Finance Minister Ignores Fundamental Rights of Women Farmers to Inherit Land -Naresh Chandra Saxena
Why asset redistribution is superior to income redistribution.
Land and labour are two basic factors needed by rural people for income generation. While women have always played a key role in agricultural production, their importance both as workers and as farm managers has been growing in the last two decades as more men move to non-farm jobs – leading to an increased feminisation of agriculture.
However, ownership of land is concentrated mostly in male hands in our patriarchal society. Bina Agarwal has estimated that in India, not more than 2 to 5% cultivated land is in favour of women. Lack of entitlement to land (and other assets such as house, livestock, and tractors) is a severe impediment to efficiency in agriculture – in the absence of a title, women cannot get credit or be entitled to irrigation and other inputs, especially technology.
In addition to improved production, the clinching argument in favour of land titles to women is the stability and security it provides, the protection it affords from marital violence, and the bargaining power it gives women in household decision making and in the labour market for wages. Increases in female status helps reduce fertility and rates of child mortality.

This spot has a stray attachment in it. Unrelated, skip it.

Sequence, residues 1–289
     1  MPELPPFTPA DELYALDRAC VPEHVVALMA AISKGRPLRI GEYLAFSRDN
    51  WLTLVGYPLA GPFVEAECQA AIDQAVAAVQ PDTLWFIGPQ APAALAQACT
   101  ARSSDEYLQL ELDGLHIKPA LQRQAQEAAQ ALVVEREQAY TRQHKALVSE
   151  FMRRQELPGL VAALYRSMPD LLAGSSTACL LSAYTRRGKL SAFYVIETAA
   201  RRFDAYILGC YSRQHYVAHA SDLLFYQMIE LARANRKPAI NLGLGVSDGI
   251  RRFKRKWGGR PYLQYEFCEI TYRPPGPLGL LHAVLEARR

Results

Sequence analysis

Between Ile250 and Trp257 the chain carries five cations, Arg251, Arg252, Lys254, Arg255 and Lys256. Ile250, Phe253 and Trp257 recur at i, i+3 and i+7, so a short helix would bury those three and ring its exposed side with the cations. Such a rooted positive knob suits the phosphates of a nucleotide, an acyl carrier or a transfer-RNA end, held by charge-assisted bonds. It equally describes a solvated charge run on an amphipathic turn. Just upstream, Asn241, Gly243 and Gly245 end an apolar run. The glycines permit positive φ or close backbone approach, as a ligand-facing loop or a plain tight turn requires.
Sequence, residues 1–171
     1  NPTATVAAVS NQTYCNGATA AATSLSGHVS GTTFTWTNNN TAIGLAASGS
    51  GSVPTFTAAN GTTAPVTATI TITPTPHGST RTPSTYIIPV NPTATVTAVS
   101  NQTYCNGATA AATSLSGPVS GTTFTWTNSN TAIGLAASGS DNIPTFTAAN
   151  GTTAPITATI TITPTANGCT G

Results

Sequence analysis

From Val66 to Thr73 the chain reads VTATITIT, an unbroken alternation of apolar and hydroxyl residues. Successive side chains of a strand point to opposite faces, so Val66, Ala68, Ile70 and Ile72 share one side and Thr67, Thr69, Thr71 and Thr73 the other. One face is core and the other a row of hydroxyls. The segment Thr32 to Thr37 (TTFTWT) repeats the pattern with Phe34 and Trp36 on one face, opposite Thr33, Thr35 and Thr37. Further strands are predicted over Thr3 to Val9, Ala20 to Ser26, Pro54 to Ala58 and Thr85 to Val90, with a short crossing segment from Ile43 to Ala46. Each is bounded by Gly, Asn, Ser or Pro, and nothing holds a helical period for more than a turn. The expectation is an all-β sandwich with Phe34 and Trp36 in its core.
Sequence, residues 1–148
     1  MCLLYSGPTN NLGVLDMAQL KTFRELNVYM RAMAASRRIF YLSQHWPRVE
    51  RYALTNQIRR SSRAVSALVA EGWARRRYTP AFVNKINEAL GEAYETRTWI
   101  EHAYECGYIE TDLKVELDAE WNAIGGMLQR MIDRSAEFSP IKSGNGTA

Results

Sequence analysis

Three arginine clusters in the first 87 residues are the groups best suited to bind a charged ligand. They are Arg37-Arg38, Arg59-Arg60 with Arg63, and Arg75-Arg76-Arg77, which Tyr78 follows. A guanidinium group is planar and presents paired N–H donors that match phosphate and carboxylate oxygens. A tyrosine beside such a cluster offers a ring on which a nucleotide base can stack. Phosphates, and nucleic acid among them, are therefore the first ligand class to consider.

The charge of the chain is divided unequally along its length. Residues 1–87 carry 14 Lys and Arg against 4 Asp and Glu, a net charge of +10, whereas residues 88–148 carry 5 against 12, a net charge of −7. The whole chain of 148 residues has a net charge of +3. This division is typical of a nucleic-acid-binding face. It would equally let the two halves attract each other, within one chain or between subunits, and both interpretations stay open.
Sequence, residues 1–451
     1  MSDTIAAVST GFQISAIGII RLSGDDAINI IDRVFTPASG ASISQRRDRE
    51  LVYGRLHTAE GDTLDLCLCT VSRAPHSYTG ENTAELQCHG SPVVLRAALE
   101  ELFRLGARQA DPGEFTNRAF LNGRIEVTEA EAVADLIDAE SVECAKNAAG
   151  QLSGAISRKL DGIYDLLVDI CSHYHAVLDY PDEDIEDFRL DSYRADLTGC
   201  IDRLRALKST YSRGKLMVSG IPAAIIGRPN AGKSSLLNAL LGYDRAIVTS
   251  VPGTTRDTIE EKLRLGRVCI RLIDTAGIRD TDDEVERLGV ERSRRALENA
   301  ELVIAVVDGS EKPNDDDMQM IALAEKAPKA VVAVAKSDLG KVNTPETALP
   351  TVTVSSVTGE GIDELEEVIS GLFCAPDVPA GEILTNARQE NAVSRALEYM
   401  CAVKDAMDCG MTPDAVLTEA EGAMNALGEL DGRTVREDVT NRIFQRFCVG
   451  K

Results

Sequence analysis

However, without title to land, women are not recognised – even by the state – as clients for extension services or as candidates for membership in institutions such as co-operative societies.
Land laws in post-Independence India
Before 1956, devolution of both acquired and inherited property was governed by the personal laws of the community. Although equal rights were granted to women in acquired property (mostly urban) through the Hindu Succession Act, 1956, rights in inherited agricultural land were specifically exempted from the Act, and were made subject to tenancy and land reform laws of the states.
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